Nutrients 2013, 5(12), 5097-5113; doi:10.3390/nu5125097

Article
Impact of Breakfasts (with or without Eggs) on Body Weight Regulation and Blood Lipids in University Students over a 14-Week Semester
Janice M. Rueda and Pramod Khosla *
Department of Nutrition and Food Science, Wayne State University, Detroit, MI 48202, USA; E-Mail: rueda@wayne.edu
*
Author to whom correspondence should be addressed; E-Mail: aa0987@wayne.edu; Tel.: +1-313-577-0448; Fax: +1-313-577-8616.
Received: 4 October 2013; in revised form: 7 November 2013 / Accepted: 25 November 2013 /
Published: 16 December 2013

Abstract

: The effects of breakfast type on body weight and blood lipids were evaluated in university freshman. Seventy-three subjects were instructed to consume a breakfast with eggs (Egg Breakfast, EB, n = 39) or without (Non-Egg Breakfast, NEB, n = 34), five times/week for 14 weeks. Breakfast composition, anthropometric measurements and blood lipids were measured at multiple times. During the study, mean weight change was 1.6 ± 5.3 lbs (0.73 ± 2.41 kg), but there was no difference between groups. Both groups consumed similar calories for breakfast at all time-points. The EB group consumed significantly more calories at breakfast from protein, total fat and saturated fat, but significantly fewer calories from carbohydrate at every time-point. Cholesterol consumption at breakfast in the EB group was significantly higher than the NEB group at all time points. Breakfast food choices (other than eggs) were similar between groups. Blood lipids were similar between groups at all time points, indicating that the additional 400 mg/day of dietary cholesterol did not negatively impact blood lipids.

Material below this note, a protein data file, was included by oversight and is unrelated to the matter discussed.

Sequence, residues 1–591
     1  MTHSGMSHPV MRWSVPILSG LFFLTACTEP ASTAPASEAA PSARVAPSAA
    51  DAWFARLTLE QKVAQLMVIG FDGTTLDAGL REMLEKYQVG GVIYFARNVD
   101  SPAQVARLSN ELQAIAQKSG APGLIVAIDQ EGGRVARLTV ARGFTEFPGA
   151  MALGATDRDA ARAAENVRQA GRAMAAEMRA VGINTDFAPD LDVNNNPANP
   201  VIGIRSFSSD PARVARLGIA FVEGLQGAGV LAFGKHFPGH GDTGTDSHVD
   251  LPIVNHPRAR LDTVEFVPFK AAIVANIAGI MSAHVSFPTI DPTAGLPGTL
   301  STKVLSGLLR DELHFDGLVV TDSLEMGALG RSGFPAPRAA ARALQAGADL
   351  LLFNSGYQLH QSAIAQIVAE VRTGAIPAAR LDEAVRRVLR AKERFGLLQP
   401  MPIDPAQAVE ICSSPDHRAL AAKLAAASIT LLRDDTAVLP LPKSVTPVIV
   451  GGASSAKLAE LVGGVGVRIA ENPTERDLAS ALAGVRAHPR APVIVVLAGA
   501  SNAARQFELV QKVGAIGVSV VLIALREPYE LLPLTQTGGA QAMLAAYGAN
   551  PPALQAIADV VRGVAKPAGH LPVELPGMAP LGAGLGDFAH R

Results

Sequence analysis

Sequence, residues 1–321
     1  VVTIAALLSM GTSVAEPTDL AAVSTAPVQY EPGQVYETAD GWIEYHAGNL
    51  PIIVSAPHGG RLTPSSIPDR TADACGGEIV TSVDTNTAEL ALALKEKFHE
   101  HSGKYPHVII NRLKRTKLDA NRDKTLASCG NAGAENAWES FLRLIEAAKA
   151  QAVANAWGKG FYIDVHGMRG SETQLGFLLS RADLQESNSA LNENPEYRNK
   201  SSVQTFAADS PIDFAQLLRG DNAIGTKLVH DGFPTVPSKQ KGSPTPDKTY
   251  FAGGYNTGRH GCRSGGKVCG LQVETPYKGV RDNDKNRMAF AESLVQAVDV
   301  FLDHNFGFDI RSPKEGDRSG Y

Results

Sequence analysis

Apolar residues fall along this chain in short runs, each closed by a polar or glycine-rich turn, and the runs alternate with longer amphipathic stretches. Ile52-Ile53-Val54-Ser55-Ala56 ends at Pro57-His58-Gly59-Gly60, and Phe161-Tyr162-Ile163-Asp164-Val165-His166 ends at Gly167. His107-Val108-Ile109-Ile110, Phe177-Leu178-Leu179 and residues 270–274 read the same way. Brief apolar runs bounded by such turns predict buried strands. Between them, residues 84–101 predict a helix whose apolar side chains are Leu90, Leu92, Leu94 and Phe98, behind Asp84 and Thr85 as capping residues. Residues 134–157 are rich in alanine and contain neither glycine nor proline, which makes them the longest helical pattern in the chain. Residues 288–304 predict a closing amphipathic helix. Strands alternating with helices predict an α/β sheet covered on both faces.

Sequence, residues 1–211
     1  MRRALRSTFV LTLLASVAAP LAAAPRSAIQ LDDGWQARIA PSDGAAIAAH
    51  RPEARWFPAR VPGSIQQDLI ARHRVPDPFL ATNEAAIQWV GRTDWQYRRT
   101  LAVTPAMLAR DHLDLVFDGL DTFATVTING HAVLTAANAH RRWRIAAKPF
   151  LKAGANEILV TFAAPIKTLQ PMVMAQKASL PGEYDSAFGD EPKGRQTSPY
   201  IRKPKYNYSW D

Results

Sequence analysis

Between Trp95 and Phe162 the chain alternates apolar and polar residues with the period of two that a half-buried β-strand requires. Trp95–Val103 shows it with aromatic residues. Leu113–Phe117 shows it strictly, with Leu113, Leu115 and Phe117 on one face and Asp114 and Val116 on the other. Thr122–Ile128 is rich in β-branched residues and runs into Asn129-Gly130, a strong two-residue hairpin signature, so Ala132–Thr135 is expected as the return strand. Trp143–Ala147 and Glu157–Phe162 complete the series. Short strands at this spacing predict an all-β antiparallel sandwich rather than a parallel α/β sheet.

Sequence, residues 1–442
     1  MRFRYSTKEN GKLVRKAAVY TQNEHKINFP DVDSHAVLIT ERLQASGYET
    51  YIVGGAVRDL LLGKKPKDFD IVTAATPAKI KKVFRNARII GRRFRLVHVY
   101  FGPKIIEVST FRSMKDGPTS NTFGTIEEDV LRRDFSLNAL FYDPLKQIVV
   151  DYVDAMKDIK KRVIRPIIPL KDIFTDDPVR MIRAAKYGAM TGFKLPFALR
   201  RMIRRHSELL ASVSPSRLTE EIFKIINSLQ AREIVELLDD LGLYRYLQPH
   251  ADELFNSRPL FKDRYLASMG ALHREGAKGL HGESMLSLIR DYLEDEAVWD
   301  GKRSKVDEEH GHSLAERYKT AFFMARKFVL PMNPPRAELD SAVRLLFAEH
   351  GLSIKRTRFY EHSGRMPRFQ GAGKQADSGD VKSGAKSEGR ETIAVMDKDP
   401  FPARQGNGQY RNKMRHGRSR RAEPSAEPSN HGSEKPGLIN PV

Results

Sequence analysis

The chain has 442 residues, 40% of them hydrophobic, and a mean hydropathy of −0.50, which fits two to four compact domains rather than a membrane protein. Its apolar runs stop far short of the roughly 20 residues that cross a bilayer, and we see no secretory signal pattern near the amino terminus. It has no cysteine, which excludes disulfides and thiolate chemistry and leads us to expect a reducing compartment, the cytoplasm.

Keywords:
college freshmen; breakfast; body weight; plasma lipids; eggs; dietary cholesterol

1. Introduction

It has been estimated that 35% of college students in the United States could be overweight or obese, putting them at increased risk for cardiovascular disease (CVD) [1,2]. Therefore preventing obesity and associated metabolic dysfunctions in young adults represents an opportunity to reduce the growing public health burden of CVD [3,4,5,6,7]. Regular breakfast consumption is a common behavioral characteristic of weight maintenance and is also associated with reduced risk for CVD [8]. Compared to those who skipped breakfast, subjects who consumed breakfast had lower total cholesterol (TC) and low-density lipoprotein (LDL) cholesterol, as well as greater insulin sensitivity [9]. The impact of breakfast consumption on attenuation of weight gain among college students has not been assessed.